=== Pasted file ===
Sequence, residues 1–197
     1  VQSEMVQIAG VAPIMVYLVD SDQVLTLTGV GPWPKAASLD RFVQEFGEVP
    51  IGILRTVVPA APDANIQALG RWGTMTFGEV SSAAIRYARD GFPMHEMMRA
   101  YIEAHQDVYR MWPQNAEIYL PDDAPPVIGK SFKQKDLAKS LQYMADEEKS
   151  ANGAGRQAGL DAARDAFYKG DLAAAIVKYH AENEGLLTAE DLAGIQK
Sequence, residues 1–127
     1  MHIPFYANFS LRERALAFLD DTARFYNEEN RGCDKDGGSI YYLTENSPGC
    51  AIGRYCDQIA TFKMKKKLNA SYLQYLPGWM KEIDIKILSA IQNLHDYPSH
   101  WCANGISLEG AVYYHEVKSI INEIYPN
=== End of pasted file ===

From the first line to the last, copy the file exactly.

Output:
Sequence, residues 1–197
     1  VQSEMVQIAG VAPIMVYLVD SDQVLTLTGV GPWPKAASLD RFVQEFGEVP
    51  IGILRTVVPA APDANIQALG RWGTMTFGEV SSAAIRYARD GFPMHEMMRA
   101  YIEAHQDVYR MWPQNAEIYL PDDAPPVIGK SFKQKDLAKS LQYMADEEKS
   151  ANGAGRQAGL DAARDAFYKG DLAAAIVKYH AENEGLLTAE DLAGIQK
Sequence, residues 1–127
     1  MHIPFYANFS LRERALAFLD DTARFYNEEN RGCDKDGGSI YYLTENSPGC
    51  AIGRYCDQIA TFKMKKKLNA SYLQYLPGWM KEIDIKILSA IQNLHDYPSH
   101  WCANGISLEG AVYYHEVKSI INEIYPN